Iraq is sliding into civil war and sectarian partition. That is the view of leading personnel in the British foreign service, the US military and the government of Iraq itself.
A leaked diplomatic brief from William Patey, Britain’s outgoing ambassador to Iraq, revealed his assessment that the country was more likely to descend into civil war and sectarian division than evolve into the stable democracy claimed by Prime Minister Tony Blair and US President George Bush.
Extracts from the brief, which was sent to Blair, senior government officials and military commanders in Iraq and Afghanistan, were published by the BBC. In it Patey warns that “the prospect of a low intensity civil war and a de facto division of Iraq is probably more likely at this stage than a successful and substantial transition to a stable democracy.
“Even the lowered expectation of President Bush for Iraq—a government that can sustain itself, defend itself and govern itself and is an ally in the war on terror—must remain in doubt.”
Patey’s brief was intended as friendly advice to the government. But it flatly contradicts the efforts by London and Washington to dismiss concerns over the extreme dangers facing not merely by US and British troops, but by the Iraqi people as a result of the invasion of their country.
In his speech to the Los Angeles World Affairs Council earlier this week, Blair claimed that the invasion of Iraq was crucial for ensuring global security and in helping moves “towards democracy in the Arab world.”
Patey’s memo warns of the growing resistance faced by the occupation forces in Iraq. The major priority now is to prevent militia organizations, such as the Mahdi Army led by the Shiite cleric Moqtada al-Sadr, becoming “a state within a state, as Hezbollah has done in Lebanon,” he cautions. This requires the more effective use of Iraqi troops as British forces are unable to “confront the militias alone.”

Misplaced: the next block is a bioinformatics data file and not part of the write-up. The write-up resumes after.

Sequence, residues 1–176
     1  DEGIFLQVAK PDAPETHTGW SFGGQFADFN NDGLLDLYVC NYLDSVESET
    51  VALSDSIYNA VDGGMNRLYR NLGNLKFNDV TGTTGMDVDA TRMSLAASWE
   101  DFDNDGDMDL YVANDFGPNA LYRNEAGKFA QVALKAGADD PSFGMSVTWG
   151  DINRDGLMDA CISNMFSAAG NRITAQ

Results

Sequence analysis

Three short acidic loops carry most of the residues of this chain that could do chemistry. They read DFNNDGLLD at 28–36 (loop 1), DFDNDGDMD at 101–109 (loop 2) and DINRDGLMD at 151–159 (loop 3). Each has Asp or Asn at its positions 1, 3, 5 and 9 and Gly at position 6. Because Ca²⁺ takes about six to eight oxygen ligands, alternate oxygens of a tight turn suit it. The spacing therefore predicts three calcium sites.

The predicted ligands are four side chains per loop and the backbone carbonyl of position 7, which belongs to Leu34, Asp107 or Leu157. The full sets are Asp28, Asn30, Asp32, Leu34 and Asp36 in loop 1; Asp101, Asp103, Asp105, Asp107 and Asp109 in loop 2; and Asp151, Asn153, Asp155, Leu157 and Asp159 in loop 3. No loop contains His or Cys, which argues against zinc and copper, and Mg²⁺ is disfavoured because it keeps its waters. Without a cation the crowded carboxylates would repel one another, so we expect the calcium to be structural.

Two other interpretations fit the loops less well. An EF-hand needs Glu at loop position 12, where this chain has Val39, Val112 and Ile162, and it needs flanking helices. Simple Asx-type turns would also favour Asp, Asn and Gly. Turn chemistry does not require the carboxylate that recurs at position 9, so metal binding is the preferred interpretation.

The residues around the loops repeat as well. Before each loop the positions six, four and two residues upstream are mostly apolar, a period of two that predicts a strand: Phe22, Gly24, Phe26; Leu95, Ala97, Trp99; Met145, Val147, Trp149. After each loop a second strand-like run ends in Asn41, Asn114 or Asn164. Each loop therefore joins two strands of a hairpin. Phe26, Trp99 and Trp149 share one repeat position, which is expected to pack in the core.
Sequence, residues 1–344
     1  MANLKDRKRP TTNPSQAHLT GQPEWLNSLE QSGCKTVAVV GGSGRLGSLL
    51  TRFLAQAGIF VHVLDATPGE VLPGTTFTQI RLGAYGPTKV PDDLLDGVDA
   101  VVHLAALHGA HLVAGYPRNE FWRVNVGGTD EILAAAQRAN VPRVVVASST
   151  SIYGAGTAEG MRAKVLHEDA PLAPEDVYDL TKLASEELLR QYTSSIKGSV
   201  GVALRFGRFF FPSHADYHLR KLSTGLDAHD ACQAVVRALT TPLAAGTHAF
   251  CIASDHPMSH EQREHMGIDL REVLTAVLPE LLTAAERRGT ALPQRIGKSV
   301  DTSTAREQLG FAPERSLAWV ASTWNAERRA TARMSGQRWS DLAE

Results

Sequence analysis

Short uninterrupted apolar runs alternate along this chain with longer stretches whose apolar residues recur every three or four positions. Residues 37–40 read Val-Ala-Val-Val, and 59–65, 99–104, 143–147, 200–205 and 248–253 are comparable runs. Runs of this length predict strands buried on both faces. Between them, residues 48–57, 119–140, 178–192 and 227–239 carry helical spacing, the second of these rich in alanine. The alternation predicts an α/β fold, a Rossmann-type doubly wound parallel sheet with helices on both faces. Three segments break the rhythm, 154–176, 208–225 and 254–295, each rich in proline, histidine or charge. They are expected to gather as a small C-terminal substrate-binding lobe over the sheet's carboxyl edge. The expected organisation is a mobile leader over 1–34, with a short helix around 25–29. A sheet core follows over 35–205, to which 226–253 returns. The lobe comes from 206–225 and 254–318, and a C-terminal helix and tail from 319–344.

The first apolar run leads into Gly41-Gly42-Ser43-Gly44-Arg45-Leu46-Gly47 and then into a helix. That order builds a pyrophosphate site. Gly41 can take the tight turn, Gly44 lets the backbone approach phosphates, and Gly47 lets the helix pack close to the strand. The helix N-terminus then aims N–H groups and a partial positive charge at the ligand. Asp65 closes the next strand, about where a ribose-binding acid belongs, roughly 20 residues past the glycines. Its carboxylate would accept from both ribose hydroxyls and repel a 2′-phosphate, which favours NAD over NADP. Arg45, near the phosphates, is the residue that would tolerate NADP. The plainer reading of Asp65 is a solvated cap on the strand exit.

Referring to British and US claims of an early “handover” to Iraqi security forces, the dispatch states that “too much talk of an early exit from Iraq” will only “weaken our position.”
Hours after the brief was leaked, Patey’s assessment was validated by two senior US generals.
Questioned on their response to Patey’s views by the US Senate Armed Services Committee, General John Abizaid, the leading US commander in the Middle East, said, “I believe that the sectarian violence is probably as bad as I have seen it in Baghdad in particular, and that if not stopped, it is possible Iraq could move towards civil war.”
General Peter Pace, chairman of the Joint Chiefs of Staff, concurred, stating, “We do have the possibility of that devolving into civil war.”
Especially since the bombing of the Shiite Al-Askariya mosque in February, sectarian violence has escalated. An average of 100 Iraqis per day are now estimated to be killed in bombings and shootings and 40 are kidnapped daily.
In March, Iraq’s former prime minister, Iyad Allawi, said, “We are losing each day as an average 50 to 60 people throughout the country, if not more. If this is not civil war, then God knows what civil war is.”
Iraq was moving towards a “point of no return,” he continued, when the country would inevitably fragment. “It will not only fall apart but sectarianism will spread through the region, and even Europe and the US will not be spared the violence that results.”
At his monthly press conference Thursday, Blair attempted to ward off questions on Patey’s memo, telling reporters, “However difficult it is, [we must] stay the course.”
But there is no question that a civil war is already under way. Moreover, it is not simply the unintended or unforeseen consequence of the invasion.
In its efforts to stamp out resistance to its illegal occupation of the country, the US has consciously pursued a “divide and rule” strategy, promoting Kurdish and Shiite organizations at the expense of Sunni Arabs.
Much of the US-recruited Iraqi army is drawn from Kurdish nationalists and Shiite fundamentalists who are being employed to suppress the largely Sunni-based resistance movement alongside American forces. Sunni groups have launched sectarian attacks on Shiites and Shiite militias have in turn targeted the Sunni population.
The Independent newspaper acknowledged that “the Iraqi government ... does not really control its own armed forces, which often take their orders from Kurdish, Sunni or Shia communal leaders. Sunni districts in Baghdad see the police and police commandos as officially sanctioned deaths squads. Shia districts say only their own militiamen can protect them from suicide bombers.”